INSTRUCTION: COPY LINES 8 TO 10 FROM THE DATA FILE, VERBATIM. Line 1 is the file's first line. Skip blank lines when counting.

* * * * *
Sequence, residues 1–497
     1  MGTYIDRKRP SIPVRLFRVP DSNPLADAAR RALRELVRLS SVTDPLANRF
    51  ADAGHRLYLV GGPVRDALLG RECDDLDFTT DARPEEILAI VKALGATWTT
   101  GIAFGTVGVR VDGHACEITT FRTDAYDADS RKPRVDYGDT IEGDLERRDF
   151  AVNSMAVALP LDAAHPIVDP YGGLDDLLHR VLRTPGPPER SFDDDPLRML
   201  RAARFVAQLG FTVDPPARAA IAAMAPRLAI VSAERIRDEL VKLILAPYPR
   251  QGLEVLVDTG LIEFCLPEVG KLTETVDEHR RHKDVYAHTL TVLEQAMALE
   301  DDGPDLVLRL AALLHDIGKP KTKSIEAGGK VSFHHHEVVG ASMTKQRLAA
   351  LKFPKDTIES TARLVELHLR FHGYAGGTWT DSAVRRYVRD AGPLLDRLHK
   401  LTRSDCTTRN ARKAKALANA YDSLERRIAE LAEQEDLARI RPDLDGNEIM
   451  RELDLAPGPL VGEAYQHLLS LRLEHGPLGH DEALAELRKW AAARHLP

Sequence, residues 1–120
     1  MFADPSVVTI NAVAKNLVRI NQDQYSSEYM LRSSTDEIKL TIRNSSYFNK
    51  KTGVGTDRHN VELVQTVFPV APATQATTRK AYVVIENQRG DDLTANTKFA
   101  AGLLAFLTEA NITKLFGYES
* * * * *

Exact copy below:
   301  DDGPDLVLRL AALLHDIGKP KTKSIEAGGK VSFHHHEVVG ASMTKQRLAA
   351  LKFPKDTIES TARLVELHLR FHGYAGGTWT DSAVRRYVRD AGPLLDRLHK
   401  LTRSDCTTRN ARKAKALANA YDSLERRIAE LAEQEDLARI RPDLDGNEIM